Residents join battle against TPP

By Zaryd Wilson

1 comment
SIGNS OF PROTEST: About 50 people gathered at Majestic Square yesterday afternoon to protest the Trans-Pacific Partnership which was being signed in Auckland. PHOTO/ STUART MUNRO
SIGNS OF PROTEST: About 50 people gathered at Majestic Square yesterday afternoon to protest the Trans-Pacific Partnership which was being signed in Auckland. PHOTO/ STUART MUNRO

WHANGANUI people joined thousands around the country in protests as trade ministers from 12 countries met in Auckland to sign the Trans-Pacific Partnership agreement yesterday.

About 50 people turned out to a picnic in Majestic Square between midday and 2pm to voice their concern about the trade deal. Meanwhile, 40 others from the city car-pooled up to Auckland to join protests at SkyCity and through the Auckland city centre.

Those who stayed back gathered quietly in the square to share food and create a quiet but visible presence in the town. Some held placards with one blackboard reading: "No corporate control of Aotearoa".

Anton Skipworth said it was a chance for people to meet others who were against the TPP.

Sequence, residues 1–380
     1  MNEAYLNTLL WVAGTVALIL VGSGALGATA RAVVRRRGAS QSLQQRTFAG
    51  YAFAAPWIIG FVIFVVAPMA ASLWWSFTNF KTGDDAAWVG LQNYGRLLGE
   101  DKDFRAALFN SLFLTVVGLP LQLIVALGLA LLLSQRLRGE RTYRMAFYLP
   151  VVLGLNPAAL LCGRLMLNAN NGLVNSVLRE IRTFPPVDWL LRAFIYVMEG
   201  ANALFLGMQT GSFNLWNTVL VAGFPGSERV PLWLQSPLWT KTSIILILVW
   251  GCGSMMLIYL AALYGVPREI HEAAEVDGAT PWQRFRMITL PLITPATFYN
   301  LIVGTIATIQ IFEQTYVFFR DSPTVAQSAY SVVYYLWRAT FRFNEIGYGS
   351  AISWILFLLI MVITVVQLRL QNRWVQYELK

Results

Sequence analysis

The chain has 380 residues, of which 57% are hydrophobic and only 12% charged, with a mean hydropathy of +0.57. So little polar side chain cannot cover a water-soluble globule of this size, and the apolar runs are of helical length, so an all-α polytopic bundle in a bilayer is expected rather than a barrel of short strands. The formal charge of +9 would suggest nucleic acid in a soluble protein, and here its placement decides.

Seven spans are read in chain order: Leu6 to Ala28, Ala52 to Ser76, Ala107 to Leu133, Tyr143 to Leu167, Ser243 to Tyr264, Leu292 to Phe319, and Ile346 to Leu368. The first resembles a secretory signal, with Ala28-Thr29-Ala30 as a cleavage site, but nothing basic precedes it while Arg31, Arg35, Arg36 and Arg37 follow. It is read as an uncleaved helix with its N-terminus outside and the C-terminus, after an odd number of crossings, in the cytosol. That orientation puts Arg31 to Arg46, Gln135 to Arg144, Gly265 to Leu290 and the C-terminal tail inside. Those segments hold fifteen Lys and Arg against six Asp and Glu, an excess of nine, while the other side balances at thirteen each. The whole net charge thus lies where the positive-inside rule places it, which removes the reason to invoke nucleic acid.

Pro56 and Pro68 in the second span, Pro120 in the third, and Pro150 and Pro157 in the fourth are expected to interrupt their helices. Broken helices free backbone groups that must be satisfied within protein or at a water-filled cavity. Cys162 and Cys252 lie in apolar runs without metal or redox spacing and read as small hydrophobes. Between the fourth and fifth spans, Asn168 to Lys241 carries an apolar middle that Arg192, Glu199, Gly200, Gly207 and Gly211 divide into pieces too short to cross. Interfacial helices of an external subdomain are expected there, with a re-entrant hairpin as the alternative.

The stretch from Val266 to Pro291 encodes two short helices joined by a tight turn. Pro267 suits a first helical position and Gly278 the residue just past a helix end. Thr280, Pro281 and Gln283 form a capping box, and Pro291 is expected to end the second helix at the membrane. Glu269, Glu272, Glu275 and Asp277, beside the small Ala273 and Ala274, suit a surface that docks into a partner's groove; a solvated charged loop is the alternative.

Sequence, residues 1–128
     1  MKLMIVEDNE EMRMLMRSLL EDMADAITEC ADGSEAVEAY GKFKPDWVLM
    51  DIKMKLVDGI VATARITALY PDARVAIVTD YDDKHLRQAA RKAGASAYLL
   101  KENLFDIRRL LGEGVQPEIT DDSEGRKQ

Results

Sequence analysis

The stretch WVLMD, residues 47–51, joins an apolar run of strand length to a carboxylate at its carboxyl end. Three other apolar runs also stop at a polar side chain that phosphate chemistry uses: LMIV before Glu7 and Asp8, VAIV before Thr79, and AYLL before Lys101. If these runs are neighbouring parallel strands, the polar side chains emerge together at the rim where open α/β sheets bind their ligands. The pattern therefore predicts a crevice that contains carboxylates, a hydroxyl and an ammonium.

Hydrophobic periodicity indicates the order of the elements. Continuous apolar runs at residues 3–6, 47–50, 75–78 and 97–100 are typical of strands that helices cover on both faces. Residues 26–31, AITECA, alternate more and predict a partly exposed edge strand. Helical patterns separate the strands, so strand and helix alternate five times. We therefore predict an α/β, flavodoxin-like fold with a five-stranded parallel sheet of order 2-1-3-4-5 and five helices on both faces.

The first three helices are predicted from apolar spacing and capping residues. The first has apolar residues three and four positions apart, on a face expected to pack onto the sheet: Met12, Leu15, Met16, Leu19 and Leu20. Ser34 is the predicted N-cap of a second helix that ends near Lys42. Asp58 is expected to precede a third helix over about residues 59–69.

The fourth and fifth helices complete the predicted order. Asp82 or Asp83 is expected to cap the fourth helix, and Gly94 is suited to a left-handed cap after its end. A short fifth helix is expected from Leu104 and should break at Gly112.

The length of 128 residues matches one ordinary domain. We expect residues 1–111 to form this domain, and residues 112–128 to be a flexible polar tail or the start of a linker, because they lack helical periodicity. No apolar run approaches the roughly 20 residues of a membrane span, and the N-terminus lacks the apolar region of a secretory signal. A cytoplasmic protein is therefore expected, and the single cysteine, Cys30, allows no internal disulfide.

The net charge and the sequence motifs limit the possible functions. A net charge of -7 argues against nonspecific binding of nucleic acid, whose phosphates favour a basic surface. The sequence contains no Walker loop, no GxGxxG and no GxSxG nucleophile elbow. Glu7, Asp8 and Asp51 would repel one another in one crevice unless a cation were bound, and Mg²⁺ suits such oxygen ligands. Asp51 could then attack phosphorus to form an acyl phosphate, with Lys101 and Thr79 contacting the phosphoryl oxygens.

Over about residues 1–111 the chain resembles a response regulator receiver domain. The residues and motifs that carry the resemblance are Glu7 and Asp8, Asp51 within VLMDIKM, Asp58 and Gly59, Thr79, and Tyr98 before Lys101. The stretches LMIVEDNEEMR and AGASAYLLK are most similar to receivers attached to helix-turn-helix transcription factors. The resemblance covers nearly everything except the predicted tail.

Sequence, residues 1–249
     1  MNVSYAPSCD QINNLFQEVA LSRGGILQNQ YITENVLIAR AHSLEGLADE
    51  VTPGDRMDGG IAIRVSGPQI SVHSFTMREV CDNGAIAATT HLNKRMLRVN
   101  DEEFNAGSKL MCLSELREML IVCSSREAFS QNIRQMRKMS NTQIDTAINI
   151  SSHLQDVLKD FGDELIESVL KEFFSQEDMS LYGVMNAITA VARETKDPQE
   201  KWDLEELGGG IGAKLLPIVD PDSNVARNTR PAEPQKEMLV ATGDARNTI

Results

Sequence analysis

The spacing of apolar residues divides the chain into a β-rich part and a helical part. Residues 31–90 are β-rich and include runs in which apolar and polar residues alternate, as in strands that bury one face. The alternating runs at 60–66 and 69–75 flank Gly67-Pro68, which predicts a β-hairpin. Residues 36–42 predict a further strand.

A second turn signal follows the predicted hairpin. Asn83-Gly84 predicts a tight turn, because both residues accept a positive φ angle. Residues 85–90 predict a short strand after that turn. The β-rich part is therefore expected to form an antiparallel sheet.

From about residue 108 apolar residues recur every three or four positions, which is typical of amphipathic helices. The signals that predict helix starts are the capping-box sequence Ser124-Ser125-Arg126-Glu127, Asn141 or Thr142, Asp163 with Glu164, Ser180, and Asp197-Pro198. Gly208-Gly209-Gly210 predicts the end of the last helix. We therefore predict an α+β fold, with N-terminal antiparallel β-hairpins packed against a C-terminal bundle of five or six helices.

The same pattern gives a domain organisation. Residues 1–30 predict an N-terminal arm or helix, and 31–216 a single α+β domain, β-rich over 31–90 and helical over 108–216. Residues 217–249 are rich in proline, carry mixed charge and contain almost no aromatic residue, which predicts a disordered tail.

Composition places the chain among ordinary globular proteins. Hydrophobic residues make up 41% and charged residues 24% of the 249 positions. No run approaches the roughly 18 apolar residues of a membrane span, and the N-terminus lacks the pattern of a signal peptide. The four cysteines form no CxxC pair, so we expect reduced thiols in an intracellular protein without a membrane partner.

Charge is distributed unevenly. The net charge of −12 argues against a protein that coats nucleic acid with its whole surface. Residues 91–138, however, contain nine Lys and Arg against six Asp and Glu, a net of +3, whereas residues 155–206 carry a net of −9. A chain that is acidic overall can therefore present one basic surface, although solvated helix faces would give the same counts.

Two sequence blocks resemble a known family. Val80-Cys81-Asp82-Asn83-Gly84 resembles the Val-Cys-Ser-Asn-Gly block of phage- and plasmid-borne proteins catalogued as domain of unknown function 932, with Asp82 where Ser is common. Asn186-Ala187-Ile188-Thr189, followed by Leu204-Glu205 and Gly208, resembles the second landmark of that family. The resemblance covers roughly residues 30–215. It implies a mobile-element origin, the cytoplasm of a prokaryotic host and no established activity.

"I guess for me it's about making a show of it," he said.

"So people realise the majority of the country is vehemently against this.

"I guess this is a showing of solidarity with the people who have gone up to Auckland to protest there."

The TPP has to be ratified by each country's parliament within the next two years and Mr Skipworth was hopeful the protests were not a lost cause.

Kelly Karena had taken the day off work to be there and was worried about increasing corporate influence.

"They're going to tell us what the rules are going to be."

Her friend Sarah Flood said: "It's ridiculous that we can vote on a flag change but we can't vote on something like this."

Quentin Tuwhangai said every small protest around the country contributed to the voice of those against the deal.

The deal has been hailed by the Government as a boon for New Zealand's economy with tariff reductions for exporters and an estimated increase to GDP.

- Wanganui Chronicle

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